Many athletic groups, including the IOC, or International Olympics Commission, use a variety of methods to test for anabolic steroids in athletes’ bodies. The most common method used for steroid testing is urinalysis, although some companies and organizations may also look for the presence of steroids via hair follicle tests.
Prime Example – Major League Baseball
One of the best ways to describe the ways in which steroid testing works involves using MLB, or Major League Baseball, as an example. Each MLB team has 40 players on its roster, and every one of those players receives testing twice per year. Every player submits to urinalysis in the spring, prior to the start of the season. Then, the MLB conducts 1,400 more samples from players randomly throughout the season. On top of this, if anyone has “reasonable cause” to believe that an MLB player is doping, that player must test within 48 hours. All of those samples go to the WADA (World Anti-Doping Association) laboratory in Montreal.
The First of Two Tests
Upon receipt of a sample, the WADA lab uses two separate urine tests to detect anabolic steroids. The body produces not only testosterone, but also another hormone called epitestosterone, in the same quantities, so the ratio of one to the other in the body is usually about 1:1. Anabolic steroids are all derivatives of testosterone – not epitestosterone. Because of this, and as you might imagine, WADA checks athletes for both testosterone and epitestosterone in the first test. When the ratio is greater than 1:1 and more testosterone than average is present, WADA performs another test to confirm the presence of performance enhancing chemicals.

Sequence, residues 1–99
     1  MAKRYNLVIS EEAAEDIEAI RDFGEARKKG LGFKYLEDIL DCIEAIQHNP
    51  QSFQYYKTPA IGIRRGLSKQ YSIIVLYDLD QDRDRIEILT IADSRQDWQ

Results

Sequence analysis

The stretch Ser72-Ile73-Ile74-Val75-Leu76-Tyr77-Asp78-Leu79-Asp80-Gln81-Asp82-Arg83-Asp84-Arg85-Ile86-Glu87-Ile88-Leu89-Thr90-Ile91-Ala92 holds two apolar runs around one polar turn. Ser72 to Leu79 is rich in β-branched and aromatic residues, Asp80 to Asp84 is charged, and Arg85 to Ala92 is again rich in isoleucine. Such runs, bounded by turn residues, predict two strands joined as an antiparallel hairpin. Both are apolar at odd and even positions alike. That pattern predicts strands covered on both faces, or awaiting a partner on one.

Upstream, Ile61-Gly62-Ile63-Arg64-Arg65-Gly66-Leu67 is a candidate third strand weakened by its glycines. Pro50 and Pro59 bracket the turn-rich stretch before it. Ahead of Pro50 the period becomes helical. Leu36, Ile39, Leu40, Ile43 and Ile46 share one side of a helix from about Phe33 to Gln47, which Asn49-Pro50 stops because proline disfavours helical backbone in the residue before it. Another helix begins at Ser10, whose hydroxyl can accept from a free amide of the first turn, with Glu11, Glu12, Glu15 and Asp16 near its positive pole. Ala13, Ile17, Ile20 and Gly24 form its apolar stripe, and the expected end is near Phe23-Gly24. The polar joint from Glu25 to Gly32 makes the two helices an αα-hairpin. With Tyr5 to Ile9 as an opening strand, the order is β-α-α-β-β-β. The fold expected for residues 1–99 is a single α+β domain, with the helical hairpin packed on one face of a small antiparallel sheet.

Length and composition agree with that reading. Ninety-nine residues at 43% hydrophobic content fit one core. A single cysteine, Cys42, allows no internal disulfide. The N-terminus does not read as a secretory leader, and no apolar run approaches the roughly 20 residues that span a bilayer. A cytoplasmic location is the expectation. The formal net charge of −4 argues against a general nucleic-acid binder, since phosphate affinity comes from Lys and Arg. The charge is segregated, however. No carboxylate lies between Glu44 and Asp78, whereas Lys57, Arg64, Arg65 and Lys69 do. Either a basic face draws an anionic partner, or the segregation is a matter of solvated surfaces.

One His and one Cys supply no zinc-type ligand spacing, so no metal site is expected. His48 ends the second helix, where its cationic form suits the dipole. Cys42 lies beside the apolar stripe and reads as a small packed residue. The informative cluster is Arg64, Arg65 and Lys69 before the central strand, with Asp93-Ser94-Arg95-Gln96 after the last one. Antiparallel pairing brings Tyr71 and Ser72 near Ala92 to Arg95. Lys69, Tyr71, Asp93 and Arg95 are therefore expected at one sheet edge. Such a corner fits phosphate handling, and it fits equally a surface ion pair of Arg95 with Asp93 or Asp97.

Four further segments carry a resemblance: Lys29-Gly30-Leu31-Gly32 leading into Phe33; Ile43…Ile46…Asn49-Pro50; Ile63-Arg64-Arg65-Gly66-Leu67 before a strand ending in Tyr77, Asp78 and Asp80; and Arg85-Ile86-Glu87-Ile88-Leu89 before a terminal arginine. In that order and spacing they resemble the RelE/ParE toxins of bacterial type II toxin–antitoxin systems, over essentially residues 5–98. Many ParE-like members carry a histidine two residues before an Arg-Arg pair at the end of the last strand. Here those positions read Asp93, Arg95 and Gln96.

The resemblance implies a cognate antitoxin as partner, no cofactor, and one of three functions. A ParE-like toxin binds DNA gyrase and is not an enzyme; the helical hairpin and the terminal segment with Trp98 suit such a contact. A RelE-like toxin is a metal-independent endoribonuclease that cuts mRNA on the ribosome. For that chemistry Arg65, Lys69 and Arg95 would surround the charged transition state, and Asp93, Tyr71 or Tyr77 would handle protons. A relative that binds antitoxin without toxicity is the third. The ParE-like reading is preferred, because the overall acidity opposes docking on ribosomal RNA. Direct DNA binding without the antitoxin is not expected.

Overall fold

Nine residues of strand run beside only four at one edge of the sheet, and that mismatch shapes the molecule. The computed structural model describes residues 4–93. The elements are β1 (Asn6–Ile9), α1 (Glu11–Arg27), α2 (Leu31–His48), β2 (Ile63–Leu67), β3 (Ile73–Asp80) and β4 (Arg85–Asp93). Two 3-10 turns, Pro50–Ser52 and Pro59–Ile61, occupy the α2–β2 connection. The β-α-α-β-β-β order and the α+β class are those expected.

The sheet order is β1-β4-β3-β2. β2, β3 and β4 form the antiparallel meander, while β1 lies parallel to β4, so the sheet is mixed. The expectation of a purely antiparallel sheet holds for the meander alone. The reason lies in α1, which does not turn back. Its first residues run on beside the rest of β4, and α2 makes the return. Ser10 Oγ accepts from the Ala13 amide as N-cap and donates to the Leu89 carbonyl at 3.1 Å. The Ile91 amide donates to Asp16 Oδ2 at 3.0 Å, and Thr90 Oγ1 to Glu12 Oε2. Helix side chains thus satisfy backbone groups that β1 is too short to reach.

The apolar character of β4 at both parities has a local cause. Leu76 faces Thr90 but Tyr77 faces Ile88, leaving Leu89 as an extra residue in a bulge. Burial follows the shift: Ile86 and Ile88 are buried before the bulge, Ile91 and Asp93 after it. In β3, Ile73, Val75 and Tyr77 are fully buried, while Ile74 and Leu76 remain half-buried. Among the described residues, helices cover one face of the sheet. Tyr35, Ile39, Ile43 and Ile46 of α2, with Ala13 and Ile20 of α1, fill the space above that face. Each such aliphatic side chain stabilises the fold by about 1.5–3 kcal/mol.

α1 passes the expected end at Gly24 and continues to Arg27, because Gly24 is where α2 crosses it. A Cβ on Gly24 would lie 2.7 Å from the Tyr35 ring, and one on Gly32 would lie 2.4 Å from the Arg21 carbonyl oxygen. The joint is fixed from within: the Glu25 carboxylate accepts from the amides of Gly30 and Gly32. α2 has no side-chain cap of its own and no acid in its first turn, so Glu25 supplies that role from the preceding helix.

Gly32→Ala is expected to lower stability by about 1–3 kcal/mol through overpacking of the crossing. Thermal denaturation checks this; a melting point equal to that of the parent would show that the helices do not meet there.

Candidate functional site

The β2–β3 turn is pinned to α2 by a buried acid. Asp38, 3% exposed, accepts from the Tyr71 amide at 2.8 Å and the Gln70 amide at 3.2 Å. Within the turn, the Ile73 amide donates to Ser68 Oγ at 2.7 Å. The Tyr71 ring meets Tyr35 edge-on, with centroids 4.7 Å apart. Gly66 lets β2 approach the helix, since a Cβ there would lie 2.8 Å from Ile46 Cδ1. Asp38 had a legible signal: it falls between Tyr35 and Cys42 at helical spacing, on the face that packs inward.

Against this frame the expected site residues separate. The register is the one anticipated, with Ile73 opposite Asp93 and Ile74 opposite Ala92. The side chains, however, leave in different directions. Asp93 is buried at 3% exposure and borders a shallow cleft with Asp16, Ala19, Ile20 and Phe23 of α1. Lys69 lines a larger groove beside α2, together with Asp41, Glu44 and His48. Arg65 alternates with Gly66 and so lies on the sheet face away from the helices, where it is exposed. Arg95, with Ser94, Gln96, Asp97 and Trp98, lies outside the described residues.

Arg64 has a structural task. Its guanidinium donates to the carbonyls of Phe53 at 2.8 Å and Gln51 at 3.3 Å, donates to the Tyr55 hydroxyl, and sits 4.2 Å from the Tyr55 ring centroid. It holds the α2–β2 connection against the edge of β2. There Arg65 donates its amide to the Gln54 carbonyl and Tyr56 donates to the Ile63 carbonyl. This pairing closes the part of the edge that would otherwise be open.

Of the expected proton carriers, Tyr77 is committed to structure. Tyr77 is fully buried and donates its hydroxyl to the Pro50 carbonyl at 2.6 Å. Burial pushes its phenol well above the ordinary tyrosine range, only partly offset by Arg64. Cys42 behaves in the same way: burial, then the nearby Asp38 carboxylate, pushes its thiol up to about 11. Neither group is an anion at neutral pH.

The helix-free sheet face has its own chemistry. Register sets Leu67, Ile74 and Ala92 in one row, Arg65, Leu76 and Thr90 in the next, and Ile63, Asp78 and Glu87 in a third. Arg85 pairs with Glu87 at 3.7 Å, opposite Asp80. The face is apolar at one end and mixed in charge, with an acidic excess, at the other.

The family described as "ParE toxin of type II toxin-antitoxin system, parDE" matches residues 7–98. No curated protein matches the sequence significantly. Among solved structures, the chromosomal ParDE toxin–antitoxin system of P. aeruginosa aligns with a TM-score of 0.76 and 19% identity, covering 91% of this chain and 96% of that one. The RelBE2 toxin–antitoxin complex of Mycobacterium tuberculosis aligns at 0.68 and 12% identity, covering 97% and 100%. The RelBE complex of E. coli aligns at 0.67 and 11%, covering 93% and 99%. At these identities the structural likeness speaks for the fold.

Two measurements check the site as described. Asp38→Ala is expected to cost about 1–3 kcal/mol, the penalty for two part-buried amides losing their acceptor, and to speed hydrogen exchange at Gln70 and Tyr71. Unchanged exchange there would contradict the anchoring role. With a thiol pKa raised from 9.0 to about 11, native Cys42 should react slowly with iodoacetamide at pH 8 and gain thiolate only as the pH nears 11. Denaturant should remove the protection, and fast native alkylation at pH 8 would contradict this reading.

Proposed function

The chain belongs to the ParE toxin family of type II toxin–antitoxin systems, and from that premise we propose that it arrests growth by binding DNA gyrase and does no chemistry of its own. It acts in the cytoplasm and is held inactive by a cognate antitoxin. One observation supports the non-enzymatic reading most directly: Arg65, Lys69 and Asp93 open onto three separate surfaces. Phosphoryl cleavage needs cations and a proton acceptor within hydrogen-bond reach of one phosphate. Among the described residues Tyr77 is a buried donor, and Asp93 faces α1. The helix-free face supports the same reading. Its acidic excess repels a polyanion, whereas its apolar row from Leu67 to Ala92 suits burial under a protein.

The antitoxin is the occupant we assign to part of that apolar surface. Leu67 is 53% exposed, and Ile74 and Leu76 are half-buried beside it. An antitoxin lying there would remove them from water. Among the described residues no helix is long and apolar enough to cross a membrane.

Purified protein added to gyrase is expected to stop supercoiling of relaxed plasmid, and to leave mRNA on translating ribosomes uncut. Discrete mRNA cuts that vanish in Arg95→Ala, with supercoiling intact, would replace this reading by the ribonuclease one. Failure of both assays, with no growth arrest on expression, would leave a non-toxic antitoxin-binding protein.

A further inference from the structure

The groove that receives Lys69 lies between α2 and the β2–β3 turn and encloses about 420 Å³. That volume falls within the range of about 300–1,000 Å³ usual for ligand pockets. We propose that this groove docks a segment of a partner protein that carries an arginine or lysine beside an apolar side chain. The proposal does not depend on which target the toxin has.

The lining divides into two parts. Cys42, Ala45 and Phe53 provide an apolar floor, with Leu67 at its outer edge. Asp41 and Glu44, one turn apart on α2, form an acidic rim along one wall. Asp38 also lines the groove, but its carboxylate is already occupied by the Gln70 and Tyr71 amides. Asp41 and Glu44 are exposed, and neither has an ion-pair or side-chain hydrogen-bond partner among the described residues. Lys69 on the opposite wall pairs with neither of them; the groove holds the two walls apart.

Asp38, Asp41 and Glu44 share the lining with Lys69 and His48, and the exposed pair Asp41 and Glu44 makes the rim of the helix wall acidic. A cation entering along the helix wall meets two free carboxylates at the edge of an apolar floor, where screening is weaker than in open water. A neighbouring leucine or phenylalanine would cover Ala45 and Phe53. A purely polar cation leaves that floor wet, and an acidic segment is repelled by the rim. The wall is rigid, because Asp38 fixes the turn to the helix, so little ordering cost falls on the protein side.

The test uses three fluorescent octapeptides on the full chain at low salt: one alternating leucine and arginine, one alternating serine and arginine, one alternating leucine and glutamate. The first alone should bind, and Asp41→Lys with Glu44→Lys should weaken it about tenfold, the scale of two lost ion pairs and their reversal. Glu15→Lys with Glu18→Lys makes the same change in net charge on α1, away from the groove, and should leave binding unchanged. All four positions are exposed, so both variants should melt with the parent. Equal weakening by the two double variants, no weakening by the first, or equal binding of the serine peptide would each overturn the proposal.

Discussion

A Quick Lesson in Biochemistry
Each sample with a ratio greater than 1:1 in the first test is subject to a “confirmation” urinalysis, or an isotope radio test. Now, to keep things simple, keep in mind that the carbon that makes up the testosterone in the body is a consistent ratio of carbon-13 and carbon-12. Carbon-13 makes up only a very small amount (less than 1%) of all of the carbon on earth, and living things seem to prefer the carbon-12 isotope because it is lighter and thereby easier to utilize. It is safe to say that living things (natural testosterone) contain much more carbon-12 than non-living things (synthetic testosterone), which naturally have higher levels of the heavier carbon-13 isotope.
The Second Test
Not all athletes who fail to pass the original test are guilty of doping. In fact, these tests return more than 100 false positives each year. Because of this, WADA utilizes the second isotope radio test to check for elevated numbers of the carbon-13 isotope. If this test reveals that there are more than three carbon-13 atoms per thousand or more, then the player fails the test because it indicates the presence of synthetic testosterone, the hallmark of anabolic steroids.
Are You Subject to Steroid Testing?
There are some situations in which individuals may be subject to random drug testing, but in most of these cases, steroid testing is not a consideration. For example, if you are starting a new job, there is a good chance your employer will ask you to comply with a drug screen. Many people on probation for drug-related offenses are also asked to comply with screening, but again, steroids are typically not included in the screen.